Some of the insurers CRW represents offer what’s called a “franchise endorsement,” which allows a franchise owner to update their location to new franchise corporation standards should there be a loss, such as a fire.
“If it’s a Burger King, for example, and they have a fire loss, now the franchise agreement says, ‘If you have a loss, you are now required to update your store,’ maybe if they changed the branding,” Wink says. “They may require the franchisee to now inject a large amount of capital to come up with a new color scheme or whatever it might be because they had a loss.” The franchise endorsement provides coverage for that, he says.
Another area sometimes overlooked is coverage for indirect power outage and the limitation in distance, Wink says.
“A lot of companies will have a distance limitation of 1,000 feet or whatever it might be for a power outage. If I have a restaurant and a substation starts on fire three miles away and takes out a whole grid, most companies would exclude coverage because of the distance limitation,” he says. “You want to be with a company that is unlimited, where if a substation starts on fire three miles away you still have coverage.”
Wink says it’s important to have a policy or program that’s detailed and tailored to the coverages that a restaurant franchise needs.
“The franchise endorsement, no waiting period in the loss of income, no distance limitation on the power outage … those are things that can make a big difference to a restaurant.”
In most instances, restaurant franchises make an ideal fit in the program insurance market, says Dave Strunk, national underwriting director for CNA’s small business programs team.
CNA writes many franchise programs, including restaurants, Strunk says. “We write some of the largest restaurant franchises in the country, in the world, for that matter.”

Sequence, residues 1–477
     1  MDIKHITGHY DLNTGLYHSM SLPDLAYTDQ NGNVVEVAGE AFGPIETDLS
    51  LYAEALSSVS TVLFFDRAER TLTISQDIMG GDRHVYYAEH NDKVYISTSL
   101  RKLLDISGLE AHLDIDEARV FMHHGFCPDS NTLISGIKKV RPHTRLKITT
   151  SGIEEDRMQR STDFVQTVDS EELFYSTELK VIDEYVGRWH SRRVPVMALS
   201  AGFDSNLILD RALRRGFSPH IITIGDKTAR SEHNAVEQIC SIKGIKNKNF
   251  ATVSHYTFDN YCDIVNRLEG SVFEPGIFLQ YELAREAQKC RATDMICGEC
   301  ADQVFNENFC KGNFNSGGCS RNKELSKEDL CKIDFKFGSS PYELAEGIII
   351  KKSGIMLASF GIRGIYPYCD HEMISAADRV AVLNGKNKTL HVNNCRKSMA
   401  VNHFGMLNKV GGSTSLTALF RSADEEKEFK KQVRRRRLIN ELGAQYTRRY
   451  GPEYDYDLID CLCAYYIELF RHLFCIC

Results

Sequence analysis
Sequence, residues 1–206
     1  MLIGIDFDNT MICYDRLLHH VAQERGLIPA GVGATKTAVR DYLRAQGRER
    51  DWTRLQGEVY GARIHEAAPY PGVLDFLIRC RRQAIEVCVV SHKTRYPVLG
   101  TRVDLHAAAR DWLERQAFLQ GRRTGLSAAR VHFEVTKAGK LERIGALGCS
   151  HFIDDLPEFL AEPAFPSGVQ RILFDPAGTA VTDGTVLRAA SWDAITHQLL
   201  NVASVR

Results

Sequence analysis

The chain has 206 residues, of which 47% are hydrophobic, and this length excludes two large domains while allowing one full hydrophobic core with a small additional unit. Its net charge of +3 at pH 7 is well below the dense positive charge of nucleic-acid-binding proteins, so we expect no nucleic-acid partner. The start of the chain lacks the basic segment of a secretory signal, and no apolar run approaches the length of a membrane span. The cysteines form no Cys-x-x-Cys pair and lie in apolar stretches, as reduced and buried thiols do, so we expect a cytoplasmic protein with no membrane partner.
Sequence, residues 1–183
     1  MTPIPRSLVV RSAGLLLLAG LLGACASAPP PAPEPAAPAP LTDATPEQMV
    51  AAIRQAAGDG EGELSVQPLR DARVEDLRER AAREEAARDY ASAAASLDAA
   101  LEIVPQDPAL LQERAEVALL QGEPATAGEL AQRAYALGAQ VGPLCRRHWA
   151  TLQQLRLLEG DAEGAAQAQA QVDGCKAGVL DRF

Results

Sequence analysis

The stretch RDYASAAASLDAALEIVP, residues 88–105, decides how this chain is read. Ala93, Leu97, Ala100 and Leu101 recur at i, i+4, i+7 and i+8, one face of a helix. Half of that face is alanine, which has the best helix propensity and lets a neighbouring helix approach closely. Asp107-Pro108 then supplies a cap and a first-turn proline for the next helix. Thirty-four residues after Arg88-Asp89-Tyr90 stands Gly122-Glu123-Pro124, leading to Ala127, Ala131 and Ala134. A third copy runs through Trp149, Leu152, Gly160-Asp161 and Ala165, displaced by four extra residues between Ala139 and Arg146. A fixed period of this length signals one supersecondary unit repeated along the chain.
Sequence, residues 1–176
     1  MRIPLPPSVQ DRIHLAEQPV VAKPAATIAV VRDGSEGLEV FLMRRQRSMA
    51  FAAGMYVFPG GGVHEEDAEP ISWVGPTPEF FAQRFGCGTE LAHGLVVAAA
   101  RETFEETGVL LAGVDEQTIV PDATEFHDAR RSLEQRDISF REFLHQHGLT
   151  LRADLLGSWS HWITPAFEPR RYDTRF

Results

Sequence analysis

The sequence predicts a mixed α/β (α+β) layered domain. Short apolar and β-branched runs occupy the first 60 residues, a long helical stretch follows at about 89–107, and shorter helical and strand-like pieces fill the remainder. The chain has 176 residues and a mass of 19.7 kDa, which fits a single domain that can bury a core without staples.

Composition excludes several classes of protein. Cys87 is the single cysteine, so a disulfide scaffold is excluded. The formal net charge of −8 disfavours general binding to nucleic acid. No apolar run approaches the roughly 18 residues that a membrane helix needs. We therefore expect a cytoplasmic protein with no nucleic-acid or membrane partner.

Strunk says the fast food franchise space is perfect for programs. “You find a lot of similarity. It’s a very homogeneous group. If you have a sandwich shop chain and they have good standards as a company, you’re going to find the same types of exposures and controls, from an insurance and risk management perspective” in all locations, he says. “You’re going to have the same types of operation and hopefully the same management philosophy.”
Restaurant chains, like McDonald’s, make an underwriter’s job much easier, he says.
“You know exactly what your experience is going to be when you go into a McDonald’s,” Strunk says. “From an insurance underwriter’s perspective, that’s good. You want to know what you’re insuring.”
When franchise companies operate hundreds or thousands of locations around the country, it’s difficult for an underwriter or broker to visit each location, Strunk says. “You can’t visit every single one of them,” he says. “You have to make some assumptions as to the quality, as to the controls, and if you have a strong franchisor who clearly articulates how they manage their business, closely controls that, it gives you that consistency of exposures and controls.”
Phil Cameron, chief marketing officer for SPARTA Insurance, says most program specialists would agree that when it comes to gold-standard restaurant franchises, McDonald’s operates as best-in-class. That alone makes it a highly-targeted risk among brokers and program administrators. But overall, the restaurant franchise segment is a good class for program insurers.
“Overall, I think the restaurant franchise business is more in the middle to lower end of severity classes, putting property exposure and Tier 1 aside,” Cameron says. “It’s a lower hazard class of business so I think a lot of other carriers do target this class.”
SPARTA, which stands for “Specialty Program and Risk Transfer Alternatives,” launched in 2007 with the idea that there was a gap in the marketplace when it came to insurers focused 100 percent on the unbundled program and captive marketplace in the U.S. “And right from the get-go one of our targeted classes of business were restaurant franchises,” said Bill Murphy, program underwriter for SPARTA’s franchise fast food program.
Murphy says the segment is competitive. “In the general franchise restaurant space, we do see a number of players, brokers and carriers competing pretty regularly. It’s good business, if you have the right partner and the right program.”